In retrospect, the challenge was not what I imagined it to be, that is the volume of the reading itself. As someone who struggles with language and reading, I have always had a visceral reaction to reading, and hard to manage anxieties around it despite my love for learning the content. As it turns out, the biggest struggle with this course was the required pace and depth of comprehension, and how quickly I was asked to formalize an opinion on the new ideas, and synthesize the multiple ideas authors I’ve read about PLUS my personal opinion into a brief and concise narrative that can be explained in SIX minutes. SIX MINUTES! Most ideas in conversations about a single topic between friends will take longer than six minutes to convey. In keeping with the attitude of learning by failing hard and fast, the moment I felt a degree of competency around what was asked, the ask changes.

That said, I came into AC4D a terrible artist, imagine the illustrative equivalent of your singing in the shower when no one is around. I had no idea how and what tools to use to illustrate digitally. I couldn’t tell you a complete story without the listener getting bored or irritated from my ramblings. Moreover, I absolutely hated presenting and talking at people.

Analyzing isn’t easy, comprehensions are harder. Developing an opinion, synthesizing ideas into a compelling, cohesive and concise manner is a tremendous skill and task.  This story is the product of the coming together of the learned skill, my attempt at practicing the problem-solving skills while trying to synthsize a a cohessive concise idea. This quarter and course have proved rewardingly challenging. My sincerest appreciation to Scott Gerlach for crafting this experience and the challenges it came with.

In the story I’d like to share here with you,  I attempt to bring together in a hopefully clear, and concise manner the viewpoints of seven authors I have read from in the last two weeks, with my opinion laced into the direction, outcome of this little story.

The Opinions

In short, design as a verb has been around since the beginning of time when man first started creating. Yes, caveman tools count. Through the different ways and different things man has tried to create, the definition, process, and application of ‘design’ have been ever changing. The conversations have recently grown more intense around the meaning of what design is as a result of the intent that people have when designing. There is a bit of a race to the definition among the players in the design community through the act of doing, showing, telling and teaching. The seven authors I have read from all take a firm stance on what it means to be a designer, how to solve problems, and who should be designers.

Recognizing up front that my ideas and opinions on the topic need more time to develop its flavors properly, I’d still like to share the pieces that I’ve learned with you.

Design as a concept and process is a handy tool for problem-solving. Problem-solving is always great as long as the intent it is done with if for improvement of the society or group as a whole and not just for a single person. While everyone should have access to, and possess the skills of problem-solving, we should all be aware that there is no definitive right or wrong solution, and no permanent solution for that matter. Problems arise from human interaction, with each other, with the environment, with animals, with ideas. Problems are quite literally a human construct. As humans are ever changing, ever evolving, so are our ideas, needs, and problems. Thus, problem-solving is not a skill to fix, but rather a skill for maintaining balance in the world we interact with.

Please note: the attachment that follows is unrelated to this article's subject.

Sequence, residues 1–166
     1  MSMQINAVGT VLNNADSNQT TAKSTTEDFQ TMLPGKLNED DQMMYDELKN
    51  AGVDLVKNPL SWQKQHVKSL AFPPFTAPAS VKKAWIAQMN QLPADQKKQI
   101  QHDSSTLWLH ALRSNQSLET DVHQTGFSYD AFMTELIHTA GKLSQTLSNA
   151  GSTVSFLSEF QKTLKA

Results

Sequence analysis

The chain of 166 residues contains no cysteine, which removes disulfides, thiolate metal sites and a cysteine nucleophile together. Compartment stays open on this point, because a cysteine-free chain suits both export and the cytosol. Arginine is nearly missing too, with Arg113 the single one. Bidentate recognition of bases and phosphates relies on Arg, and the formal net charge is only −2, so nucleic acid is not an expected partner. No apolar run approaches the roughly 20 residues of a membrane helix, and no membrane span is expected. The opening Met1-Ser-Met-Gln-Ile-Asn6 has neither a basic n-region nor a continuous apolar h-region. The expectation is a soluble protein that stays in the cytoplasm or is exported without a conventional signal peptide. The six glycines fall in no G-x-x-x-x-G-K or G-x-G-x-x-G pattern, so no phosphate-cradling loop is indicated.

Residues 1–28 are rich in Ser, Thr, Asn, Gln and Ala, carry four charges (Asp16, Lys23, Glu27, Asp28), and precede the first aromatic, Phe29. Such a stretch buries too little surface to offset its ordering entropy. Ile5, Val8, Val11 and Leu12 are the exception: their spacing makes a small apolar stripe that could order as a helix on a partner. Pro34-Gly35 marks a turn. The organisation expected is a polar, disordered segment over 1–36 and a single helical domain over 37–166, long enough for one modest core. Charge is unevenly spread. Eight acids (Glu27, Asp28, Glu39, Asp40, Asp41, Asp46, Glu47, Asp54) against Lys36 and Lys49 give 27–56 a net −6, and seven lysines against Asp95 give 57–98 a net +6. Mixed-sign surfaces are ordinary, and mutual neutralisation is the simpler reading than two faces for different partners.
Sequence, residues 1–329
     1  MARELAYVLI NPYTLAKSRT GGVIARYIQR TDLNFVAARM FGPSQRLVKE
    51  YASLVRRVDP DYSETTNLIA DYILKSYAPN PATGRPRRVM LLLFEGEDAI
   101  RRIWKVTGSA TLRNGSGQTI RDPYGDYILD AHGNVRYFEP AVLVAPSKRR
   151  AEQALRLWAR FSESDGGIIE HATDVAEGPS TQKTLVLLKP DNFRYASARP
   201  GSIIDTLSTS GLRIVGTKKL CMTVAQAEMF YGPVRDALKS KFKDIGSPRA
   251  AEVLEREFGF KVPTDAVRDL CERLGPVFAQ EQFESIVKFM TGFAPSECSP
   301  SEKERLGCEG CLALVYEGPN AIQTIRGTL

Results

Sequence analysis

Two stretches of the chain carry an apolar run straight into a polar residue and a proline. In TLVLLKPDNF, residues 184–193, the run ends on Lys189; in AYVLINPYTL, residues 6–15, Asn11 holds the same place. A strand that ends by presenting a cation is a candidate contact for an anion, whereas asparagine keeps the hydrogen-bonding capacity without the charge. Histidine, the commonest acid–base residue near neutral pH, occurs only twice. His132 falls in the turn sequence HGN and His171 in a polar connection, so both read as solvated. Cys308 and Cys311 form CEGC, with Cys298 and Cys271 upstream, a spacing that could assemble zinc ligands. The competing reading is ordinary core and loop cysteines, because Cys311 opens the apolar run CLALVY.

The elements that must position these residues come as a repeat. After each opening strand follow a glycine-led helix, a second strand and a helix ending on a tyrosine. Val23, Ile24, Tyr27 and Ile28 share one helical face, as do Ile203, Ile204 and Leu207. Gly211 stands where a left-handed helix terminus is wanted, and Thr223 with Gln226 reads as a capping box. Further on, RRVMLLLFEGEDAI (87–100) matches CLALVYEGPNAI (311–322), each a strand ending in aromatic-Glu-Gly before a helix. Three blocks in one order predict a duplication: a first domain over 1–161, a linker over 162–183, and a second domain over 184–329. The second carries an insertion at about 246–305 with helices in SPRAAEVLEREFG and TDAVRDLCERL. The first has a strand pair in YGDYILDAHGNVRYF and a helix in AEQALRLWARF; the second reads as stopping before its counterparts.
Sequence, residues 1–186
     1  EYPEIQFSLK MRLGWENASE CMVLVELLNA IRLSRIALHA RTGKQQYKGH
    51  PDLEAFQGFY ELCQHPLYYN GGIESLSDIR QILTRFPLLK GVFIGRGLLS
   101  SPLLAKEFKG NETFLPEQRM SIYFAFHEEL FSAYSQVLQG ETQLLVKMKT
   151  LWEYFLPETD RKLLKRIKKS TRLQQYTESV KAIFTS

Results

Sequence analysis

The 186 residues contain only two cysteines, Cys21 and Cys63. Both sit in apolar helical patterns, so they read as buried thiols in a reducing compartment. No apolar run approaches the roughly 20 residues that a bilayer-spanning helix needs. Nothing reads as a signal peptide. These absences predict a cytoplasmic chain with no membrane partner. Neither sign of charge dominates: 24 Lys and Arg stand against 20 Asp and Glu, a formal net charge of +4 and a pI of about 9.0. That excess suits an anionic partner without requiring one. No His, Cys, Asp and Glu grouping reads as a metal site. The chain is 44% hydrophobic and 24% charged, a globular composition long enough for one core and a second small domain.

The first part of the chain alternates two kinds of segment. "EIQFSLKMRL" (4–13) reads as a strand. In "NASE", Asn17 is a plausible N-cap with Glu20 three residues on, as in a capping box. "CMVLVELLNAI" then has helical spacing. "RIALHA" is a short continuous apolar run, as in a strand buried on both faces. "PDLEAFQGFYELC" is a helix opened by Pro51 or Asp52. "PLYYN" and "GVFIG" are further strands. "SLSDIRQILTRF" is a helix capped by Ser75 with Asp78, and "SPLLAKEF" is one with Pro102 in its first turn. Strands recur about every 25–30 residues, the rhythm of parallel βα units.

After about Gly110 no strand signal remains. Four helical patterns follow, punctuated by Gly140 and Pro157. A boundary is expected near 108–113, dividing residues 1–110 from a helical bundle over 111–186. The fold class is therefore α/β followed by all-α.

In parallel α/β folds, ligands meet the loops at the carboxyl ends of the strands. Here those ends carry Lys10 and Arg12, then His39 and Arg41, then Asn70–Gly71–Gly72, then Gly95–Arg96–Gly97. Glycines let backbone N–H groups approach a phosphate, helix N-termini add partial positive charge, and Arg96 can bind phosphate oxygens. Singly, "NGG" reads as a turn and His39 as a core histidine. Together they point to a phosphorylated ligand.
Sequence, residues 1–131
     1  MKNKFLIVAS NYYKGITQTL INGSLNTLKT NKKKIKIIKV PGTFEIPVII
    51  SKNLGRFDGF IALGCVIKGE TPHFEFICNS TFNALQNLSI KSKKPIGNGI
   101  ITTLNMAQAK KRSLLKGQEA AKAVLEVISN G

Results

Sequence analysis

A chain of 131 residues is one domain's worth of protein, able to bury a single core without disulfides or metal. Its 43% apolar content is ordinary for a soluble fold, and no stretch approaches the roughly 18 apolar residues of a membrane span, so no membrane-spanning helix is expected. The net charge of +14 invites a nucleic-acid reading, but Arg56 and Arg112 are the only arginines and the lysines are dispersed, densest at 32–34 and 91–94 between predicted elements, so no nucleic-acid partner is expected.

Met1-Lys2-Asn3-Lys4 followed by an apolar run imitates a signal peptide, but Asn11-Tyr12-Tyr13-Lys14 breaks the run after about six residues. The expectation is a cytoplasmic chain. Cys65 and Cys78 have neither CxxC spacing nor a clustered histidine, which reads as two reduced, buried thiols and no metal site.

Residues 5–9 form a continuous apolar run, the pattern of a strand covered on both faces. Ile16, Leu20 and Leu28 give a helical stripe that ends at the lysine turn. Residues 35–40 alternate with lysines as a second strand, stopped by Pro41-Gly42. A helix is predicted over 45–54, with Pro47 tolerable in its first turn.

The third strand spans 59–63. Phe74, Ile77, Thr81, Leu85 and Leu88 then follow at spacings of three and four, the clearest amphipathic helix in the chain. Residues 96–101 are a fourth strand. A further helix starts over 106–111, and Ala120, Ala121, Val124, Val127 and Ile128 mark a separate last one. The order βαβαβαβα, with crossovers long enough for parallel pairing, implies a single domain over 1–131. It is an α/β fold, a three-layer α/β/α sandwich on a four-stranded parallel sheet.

In this short story where Scooby-Doo fakes his own dog-napping for some desperately wanted Scooby snacks. I have positions each author as a character in the story where they are detectives who are trying to solve the case, aka the problem, that Scooby has fabricated for his appetite and desires. The take away is that in isolation, not one perspective is ‘right,’ though looking at every individual element and gaining an intimate understanding each clue and element to the problem is essential to get to a place where you can find a solution. It is only after taking a step back and synthesizing the elements of the problem with some degree or your personal experience and intuition that you can begin to find a viable solution.

The Story

Kim IDSE102 A4, Slides 1

Kim IDSE102 A4, Slides 2

Kim IDSE102 A4, Slides 3

Kim IDSE102 A4, Slides 4

Kim IDSE102 A4, Slides 5

Kim IDSE102 A4, Slides 6

List of Readings and The Authors.

  • The Structure of Ill-structured Problems by  Herb A. Simon
  • Evolution of the Mind: A Case for Design Literacy by  Chris Pacione
  • Discovering Design Ability by Nigel Cross
  • Serious Creativity by Edward DeBono
  • Design Thinking for Social Innovation by Tim Brown, Jocelyn Wyatt
  • Dilemmas in a General Theory of Planning by Horst Rittel, Melvin Webber
  • Wicked Problems in Design Thinking by Richard Buchanan


Stories from Inside We Are Blood.

Last week, my teammates, Zev Powell and Catherine Woodiwiss, and I wrote a blog about a project we are working on with the local non-profit We Are Blood. We have spoken with a number of people at all touchpoints involved in making each pop-up mobile blood donation event happen. Setting up, servicing your community, and packing up requires an immense amount of coordination, organization, skill, and commitment on the part of all individuals involved. Impressively, this is done on a daily basis throughout the Central Texas area.

This week, we have taken on the task of breaking down all of the conversations we’ve had into bite-sized pieces in order to begin our team’s next task—to identify themes across the various conversations we’ve had and synthesize potential areas of opportunity.

Here’s a glimpse of the space we will be living in, literally and mentally, over the next few days:

Our Office

our office


While this is happening, we’d like to leave you with a few of the voices that make the incredible act of donating possible on a daily basis, and a few of the thoughts they’ve left us with.